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Touring – an alternative approach

by OxonRob on Tue Jan 17, 2006 6:26 pm

by OxonRob

What occurs on tour stays on tour, goes the saying, and this report is not intended to reveal any home truths about anyone. Well, it wouldn’t be fair would it? It wouldn’t?

There are those whose tours consist of getting lashed, falling down, sleeping and then repeating the process. Fair play if that is what you like. However, there are others who prefer not to fall down, and to earn their drinks by doing things in between. This was one such trip, something for the middle-aged foodie!

We were there!

Travellers from Gatwick on Friday endured the kind of trip which is really no fun at the time, but which gains momentum as the days go by afterwards. A kind of ‘I was there’ syndrome creeps in, and you feel faintly and unreasonably proud for having suffered as you did.

The Gatwick computers shut down at 6am, and weren’t on again when we took off just under two hours late at approaching 2pm. Those with hot dates in Italy were heard to chunter and worry. Everyone had sore feet from shuffling up the queue for hours on end, as surprisingly good-tempered EasyJet staff attempted to book us in manually. No one got breakfast – and many had depended on a decent if overpriced airport breakfast when they left home, in my case at 06h45. Oh well!

On arrival in Milan it was into a taxi for transfer to the railway station and a train to Parma. We got the taxi easily enough but missed the fast train. More angst as an additional half hour was added to our already lengthened journey. Happily there were loads of Irish supporters on the train, including Paul and Marianne, Eek and Elsie just in our carriage. Eek is a one man show – it’s one reason for loving the man – and had soon extracted promises from the 20 or so Italian passengers within earshot that they would turn up at the game.

The night before

We check into our centre of town hotel with about 20 minutes to spare before we have to meet 13 others for pre-arranged drinks, after which we will be trooping off to dinner at an extremely good restaurant (Dei Corriere) spotted in August, before we discovered that it was owned by a member of the Parma management, Corrado Vecchi. Corrado and his charming wife Enda join us for drinks and show us the way.

Friday night in the Bistro

We try the local light slightly sparkling and chilled red Lambrusco and it is delicious, as is the meal, at E32 including the wine bill! I never mentioned Limoncello, did I?

Most of us went to bed at midnight. I somehow get inveigled into Le Bistro in the Piazza Garibaldi, where I bump into more usual suspects than it is decent to remember now by name. Ian Taylor is in the main bar, acting as host to any supporter who’d like to meet him. Quite right too. Bed well after 3!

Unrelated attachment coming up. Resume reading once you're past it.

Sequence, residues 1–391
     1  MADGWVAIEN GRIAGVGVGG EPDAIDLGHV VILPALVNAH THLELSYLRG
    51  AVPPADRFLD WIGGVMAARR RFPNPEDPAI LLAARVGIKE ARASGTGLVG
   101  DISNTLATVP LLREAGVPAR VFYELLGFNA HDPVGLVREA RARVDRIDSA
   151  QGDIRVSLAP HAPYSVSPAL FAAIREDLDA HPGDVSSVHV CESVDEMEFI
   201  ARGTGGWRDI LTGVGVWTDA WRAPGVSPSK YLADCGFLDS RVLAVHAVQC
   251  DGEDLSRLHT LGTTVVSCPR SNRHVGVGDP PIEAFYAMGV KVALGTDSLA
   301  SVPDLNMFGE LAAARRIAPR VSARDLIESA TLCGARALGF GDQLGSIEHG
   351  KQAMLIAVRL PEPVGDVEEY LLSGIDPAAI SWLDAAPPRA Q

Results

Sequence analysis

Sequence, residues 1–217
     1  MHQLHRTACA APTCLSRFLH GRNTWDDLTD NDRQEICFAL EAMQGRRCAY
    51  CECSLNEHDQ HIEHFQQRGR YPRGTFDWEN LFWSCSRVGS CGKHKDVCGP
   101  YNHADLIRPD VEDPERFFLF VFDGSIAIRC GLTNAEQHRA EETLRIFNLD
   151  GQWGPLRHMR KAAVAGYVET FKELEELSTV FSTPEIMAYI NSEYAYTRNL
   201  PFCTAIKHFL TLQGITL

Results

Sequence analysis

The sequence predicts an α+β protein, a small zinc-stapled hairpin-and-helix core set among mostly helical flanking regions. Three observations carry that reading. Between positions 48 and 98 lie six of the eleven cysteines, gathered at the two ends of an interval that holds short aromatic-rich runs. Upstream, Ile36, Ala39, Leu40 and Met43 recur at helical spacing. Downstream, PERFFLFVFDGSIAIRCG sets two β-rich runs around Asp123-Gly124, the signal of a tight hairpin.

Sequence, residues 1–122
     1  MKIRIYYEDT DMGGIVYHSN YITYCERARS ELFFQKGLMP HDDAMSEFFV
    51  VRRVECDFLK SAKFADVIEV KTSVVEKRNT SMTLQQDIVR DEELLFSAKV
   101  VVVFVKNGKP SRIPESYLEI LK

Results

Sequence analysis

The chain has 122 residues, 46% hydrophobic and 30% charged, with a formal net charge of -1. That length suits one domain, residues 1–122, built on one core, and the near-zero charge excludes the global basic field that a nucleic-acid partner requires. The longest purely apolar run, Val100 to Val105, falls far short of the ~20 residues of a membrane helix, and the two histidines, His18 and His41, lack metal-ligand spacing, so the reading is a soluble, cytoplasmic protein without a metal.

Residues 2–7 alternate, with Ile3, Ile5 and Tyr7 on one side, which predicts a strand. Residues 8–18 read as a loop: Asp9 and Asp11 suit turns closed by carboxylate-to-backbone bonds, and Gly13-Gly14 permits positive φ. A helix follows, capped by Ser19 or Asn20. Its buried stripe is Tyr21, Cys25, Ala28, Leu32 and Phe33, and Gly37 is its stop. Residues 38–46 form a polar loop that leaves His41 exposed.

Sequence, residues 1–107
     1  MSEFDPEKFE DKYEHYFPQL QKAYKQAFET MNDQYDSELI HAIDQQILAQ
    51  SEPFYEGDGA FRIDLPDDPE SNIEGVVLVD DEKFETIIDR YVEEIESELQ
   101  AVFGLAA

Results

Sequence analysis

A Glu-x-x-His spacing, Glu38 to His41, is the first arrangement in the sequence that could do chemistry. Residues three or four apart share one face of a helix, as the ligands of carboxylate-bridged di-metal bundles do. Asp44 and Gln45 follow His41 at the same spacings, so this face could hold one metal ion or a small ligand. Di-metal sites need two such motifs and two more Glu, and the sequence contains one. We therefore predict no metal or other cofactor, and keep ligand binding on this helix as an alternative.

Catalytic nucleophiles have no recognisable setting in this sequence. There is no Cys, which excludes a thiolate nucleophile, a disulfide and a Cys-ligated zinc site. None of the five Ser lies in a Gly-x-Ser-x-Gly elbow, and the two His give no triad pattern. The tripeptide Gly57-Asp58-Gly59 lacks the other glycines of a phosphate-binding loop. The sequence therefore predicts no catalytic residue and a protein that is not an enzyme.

Friday night in the Bistro

Match Day

A light Italian breakfast accompanied by their extraordinarily strong coffee prepares us for the market, and a walk up to the ground, to make sure it is where the map suggests it might be. We need fresh air anyway. We walk three sides of a square to get there, including a lengthy visit to a lovely park adjacent to the police sports grounds on the other side of the river. Yes, we crossed one bridge early!

Snow and ice lie beneath our feet, and the ground is like concrete. We are all exhaling ‘smoke’ as we breathe! Then we find a plaque outside a formal looking building, which tells us that in 1943 the Nazis burned down the building’s predecessor, after they had placed the town’s schoolchildren inside it. Interest in rugby fades for all of us.

15-20 minutes later we are at the ground, to find three small marquees near the entrance in a small meadow. Three men inside one of them are discussing matters of moment, sitting on encouraging-looking barrels. Another two are to be seen through the fence on the pitch, at our end of which, the southerly one, snow is piled four feet high. There is nothing to suggest when the piling-up was done, but when we test the rigid surface of the pitch we become worried that the game could be off, despite the presence of a hot air blower under a metallic blanket. There are only four hours to go.

In the afternoon I return by the more direct route, and dive into a small bar on the adjacent bridge with two companions. The locals are mystified and curious about our green raiment, but charming nonetheless. A heavily armed off-duty policeman munches on his lunchtime ciabatta.

On entry to the ground we find a BBQ in full session, beside which someone is mixing meat, onions, eggs and herbs, and shaping them into very thick short sausage shapes. These are pulled apart into two long halves immediately before cooking. In the UK they would have been closed down by Health & Safety. Happily, Italians are more intelligent than we are, and the results are wonderful.

I am reminded of a conversation overheard this morning between two tourists.
Small boy: Where’s the nearest Macdonalds?
Father: In the UK, thank God.

Within the first marquee there is a long queue to buy food tickets and drink-specific tickets, which can be redeemed across the room, by four gentlemen who all used to play. Before the day is out the food and drink tickets are being dispensed by LI supporters! The second marquee, really an extension, is roped off and laid out for the players’ teas. There is room for about 50 people, standing up, in either of these two tents, so presumably few of the Italian supporters are expected? Adjacent to these there is a Parma RFC clothing tent. I wonder where they sell their clothing normally?

Ian Taylor and various directors are standing about, but the latter don’t seem totally at home or desirous of meeting people. Maybe they have been alickadoes too long?

Beer and food having been taken, we buy tickets and join the queue at the gate where a harassed-looking man is gravely tearing them in half as we press past him. The stands are solid concrete and I mean solid. Doubtless a physicist will put me right on this but concrete seems to be an effective cold-conductor. Some buy wonderful cushions at the Parma RFC tent. They are solid but squishy and consist of two flasks, into which hot liquids can be inserted. Not sure if drinking from them is worth a frozen bum, but this is one hell of a flexible product!